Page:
So whenever I get a chance to see sea creatures in their natural non-aquarium habitat without immersion I jump at it. Now, there are many places where you can do just that without even snorkelling, without even wetting your toes, let alone scuba-diving - 1) by looking on from a shore or jetty; 2) aboard a boat; or 3) though some man-made dry-preserving engineering feet.
So, class, we're going to look at the first category in this blog, as demonstrated by all the above photos.
First - leaving aside seals and the like already clobbered in recent blogs - there are those colourful sea creatures that don't even oblige you to bend over the waters, since they emerge from the brine to display themselves on the rocks in total unabashed exhibitionism.
Such are crabs. Forget your mouldy boring browns and dull routine reds. We're talking creatures splendidly garbed in violent orange, shocking pink, blinding yellow, electric blue. Roll on up, ladies and gents, come meet Sally Lightfoot!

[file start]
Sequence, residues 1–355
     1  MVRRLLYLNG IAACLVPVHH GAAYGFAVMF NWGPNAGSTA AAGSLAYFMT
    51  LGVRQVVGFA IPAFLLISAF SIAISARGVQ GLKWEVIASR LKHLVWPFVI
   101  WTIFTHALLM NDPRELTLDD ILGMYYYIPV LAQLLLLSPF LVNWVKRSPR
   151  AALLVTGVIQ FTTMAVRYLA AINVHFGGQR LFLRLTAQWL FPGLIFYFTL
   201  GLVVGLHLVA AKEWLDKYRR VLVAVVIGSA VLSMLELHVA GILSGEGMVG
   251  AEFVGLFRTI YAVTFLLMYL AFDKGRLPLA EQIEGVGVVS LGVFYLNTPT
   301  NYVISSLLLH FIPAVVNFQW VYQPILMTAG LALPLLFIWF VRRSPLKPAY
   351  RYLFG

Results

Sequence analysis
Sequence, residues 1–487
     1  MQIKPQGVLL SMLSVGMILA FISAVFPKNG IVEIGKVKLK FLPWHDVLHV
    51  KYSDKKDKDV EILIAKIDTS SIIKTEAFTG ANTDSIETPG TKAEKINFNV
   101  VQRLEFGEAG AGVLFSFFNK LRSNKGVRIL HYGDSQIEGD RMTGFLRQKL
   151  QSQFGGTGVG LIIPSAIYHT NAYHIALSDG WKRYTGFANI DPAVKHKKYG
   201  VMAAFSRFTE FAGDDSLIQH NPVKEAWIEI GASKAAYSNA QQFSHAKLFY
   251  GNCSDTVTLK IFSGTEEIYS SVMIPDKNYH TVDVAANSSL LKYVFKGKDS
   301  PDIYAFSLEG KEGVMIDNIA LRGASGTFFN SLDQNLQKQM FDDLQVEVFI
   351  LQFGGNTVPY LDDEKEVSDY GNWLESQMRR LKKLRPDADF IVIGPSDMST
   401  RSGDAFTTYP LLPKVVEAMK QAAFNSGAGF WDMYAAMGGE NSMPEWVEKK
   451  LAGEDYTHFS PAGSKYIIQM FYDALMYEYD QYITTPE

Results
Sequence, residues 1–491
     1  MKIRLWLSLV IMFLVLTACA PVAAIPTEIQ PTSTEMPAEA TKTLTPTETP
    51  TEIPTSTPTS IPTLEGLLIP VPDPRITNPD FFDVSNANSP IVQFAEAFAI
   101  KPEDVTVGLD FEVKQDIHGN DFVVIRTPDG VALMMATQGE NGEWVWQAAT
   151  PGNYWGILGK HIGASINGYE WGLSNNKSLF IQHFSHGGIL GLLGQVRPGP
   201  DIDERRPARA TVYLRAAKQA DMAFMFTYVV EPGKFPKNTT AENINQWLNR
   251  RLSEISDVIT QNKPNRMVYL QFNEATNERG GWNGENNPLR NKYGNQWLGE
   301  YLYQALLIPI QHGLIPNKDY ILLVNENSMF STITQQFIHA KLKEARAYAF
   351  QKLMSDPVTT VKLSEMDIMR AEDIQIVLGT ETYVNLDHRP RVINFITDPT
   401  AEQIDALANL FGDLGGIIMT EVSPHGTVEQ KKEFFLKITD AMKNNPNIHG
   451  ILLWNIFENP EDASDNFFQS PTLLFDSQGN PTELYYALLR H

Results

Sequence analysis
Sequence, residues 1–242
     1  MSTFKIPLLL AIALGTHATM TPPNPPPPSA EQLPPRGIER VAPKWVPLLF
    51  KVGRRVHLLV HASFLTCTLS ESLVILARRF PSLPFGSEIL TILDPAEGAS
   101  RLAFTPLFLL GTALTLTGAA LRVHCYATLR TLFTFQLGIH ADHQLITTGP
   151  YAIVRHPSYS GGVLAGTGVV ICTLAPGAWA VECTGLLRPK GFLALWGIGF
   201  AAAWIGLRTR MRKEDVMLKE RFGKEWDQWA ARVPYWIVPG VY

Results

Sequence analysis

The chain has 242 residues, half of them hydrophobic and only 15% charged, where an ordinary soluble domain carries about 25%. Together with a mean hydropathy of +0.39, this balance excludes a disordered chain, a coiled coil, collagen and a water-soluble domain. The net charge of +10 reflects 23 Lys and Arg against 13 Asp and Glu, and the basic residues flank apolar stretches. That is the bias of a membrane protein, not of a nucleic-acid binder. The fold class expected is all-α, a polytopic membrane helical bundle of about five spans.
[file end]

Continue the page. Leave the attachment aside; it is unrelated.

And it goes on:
OK, the scientific name is Grapsus Grapsus, and that has nothing to do with the Yiddish word for belch. They're said to have got their nickname from a dancer way back in the days of the pirates, a lass in Jamaica according to some, since they dance across the rocks.
Be that as it may, if you really want to see them in their hundreds of thousands, perhaps millions, make for the Galápagos Islands where their iridescent colours attain even greater brilliance by contrast with the volcanic blackness of the rocks they scamper over, often amid the dowdier browns of sea lions, austere black and white of penguins and fabulous caerulean of blue-footed boobies.
Compare that with this less colourful South Pacific cousin on the South Pacific island of Tuvalu.
You also have some pretty spectacular bright yellow or deep purple giant crabs scampering over the summit of 2,800-foot Green Mountain on Ascension Island, hundreds of miles from anywhere in the middle of the South Atlantic, but these are land crabs, and nobody knows how they arrived there.